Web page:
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Kavan Choksi – Interesting Facts About the Japanese Yen the World Hardly Knows About

The Japanese Yen (JPY) is one of the strongest currencies in the world. As per the Bank of Japan, the life span, on average, for the 10,000 Yen bill is approximately 4 to 5 years. These bills are used frequently by the people, resulting in their faster wear and tear, reducing their life span to just one to two years.

Kavan Choksi – The Japanese Yen has some unique traits

Kavan Choksi is an esteemed business expert in Japan with valuable experience in investments and finance. According to him, money bills in circulation are taken back to the BOJ by the financial institutions after they have been checked for damage and their authenticity. This task is done before a final decision is made to shred them or place them back in circulation. The bills that are shredded are later recycled, and they are used as daily materials like office supplies, solid fuel, and others, or they are incinerated as waste.

Banknotes are made in such a way that the visually impaired can distinguish them.

Banknotes are created in such a way that the visually impaired are able to tell their difference. The use of ink in some places is used thickly on these bills. The location of this thick ill is on the lower right and left corners of the bill’s front side. The 10,000 Yen Bill is distinguished with the hook shape, while the presence of an octagonal shape can distinguish the 5000 Yen bill. The 1,000 Yen has a horizontal line, while the 2,000 Yen bill has the Japanese Braille “2” symbol.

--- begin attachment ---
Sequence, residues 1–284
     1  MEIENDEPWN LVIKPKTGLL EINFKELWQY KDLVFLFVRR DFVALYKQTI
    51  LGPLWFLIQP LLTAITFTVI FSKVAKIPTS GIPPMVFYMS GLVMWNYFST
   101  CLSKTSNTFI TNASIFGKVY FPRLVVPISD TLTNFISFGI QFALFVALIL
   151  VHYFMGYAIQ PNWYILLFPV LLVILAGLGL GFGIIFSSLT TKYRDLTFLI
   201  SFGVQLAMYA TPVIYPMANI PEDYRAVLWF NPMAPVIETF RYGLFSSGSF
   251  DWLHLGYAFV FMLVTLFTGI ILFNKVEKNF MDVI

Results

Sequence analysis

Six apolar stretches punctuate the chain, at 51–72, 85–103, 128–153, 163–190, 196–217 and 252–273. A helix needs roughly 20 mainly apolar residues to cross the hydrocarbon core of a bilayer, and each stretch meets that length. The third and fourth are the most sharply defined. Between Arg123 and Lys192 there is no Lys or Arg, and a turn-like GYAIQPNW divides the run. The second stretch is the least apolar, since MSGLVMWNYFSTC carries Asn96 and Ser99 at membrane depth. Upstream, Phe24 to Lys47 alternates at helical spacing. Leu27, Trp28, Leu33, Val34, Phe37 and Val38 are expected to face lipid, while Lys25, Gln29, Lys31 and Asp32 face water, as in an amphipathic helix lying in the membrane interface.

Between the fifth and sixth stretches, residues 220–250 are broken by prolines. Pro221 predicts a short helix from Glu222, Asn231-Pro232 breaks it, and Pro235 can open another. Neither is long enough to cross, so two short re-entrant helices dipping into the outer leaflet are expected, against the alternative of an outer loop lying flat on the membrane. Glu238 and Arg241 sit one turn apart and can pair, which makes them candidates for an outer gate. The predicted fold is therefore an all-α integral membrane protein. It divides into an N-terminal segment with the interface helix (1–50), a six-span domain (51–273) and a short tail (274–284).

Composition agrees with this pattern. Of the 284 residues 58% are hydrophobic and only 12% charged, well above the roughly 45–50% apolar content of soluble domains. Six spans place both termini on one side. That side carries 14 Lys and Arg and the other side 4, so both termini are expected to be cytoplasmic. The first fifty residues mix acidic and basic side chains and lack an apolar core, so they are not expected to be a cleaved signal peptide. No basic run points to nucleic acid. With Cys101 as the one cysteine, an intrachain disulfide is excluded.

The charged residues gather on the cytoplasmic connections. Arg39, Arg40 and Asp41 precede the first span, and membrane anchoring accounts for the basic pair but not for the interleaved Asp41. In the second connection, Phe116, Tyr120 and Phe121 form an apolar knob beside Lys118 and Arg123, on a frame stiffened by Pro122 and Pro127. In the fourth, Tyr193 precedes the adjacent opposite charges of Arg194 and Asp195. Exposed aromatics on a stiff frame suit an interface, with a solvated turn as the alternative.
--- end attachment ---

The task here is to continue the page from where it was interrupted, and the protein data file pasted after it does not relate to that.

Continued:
Holograms on the bills

Both the 10,000 and the 5,000 Yen bills have the presence of holograms on the lower-left corner of the bill’s front side. This gives them a smooth feel when you touch them and helps distinguish the bill’s denominations. For those 5,000 Yen bills that were issued after 2014, in May, the hologram that was earlier an oblong-shaped transparent layer was changed into a square shape, and it increased about 1.7 times in its size. This was done to distinguish the bill from the 10,000 Yen that comes with a hologram that is oblong in shape.

The 1,000 and the 2,000 Yen bills have no hologram. The 2,000 Yen bill is hardly visible in circulation, and if the bill has no hologram, it is a 1,000 bill.

According to Kavan Choksi, some bills that are damaged can be exchanged. This exchange is done at Nihonbashi, Tokyo, or to any of its 32 branches in Japan. The exchange of damaged bills can be made at commercial and financial institutions. A standard is followed for determining the intensity of damage when the bill is exchanged. If two-thirds of the bill or more remains, it can be exchanged at its full value. If over two-fifths or less than two-thirds of the bill is intact, it can be exchanged for half of the value, and if less than two-fifths of the note remains, you cannot exchange it.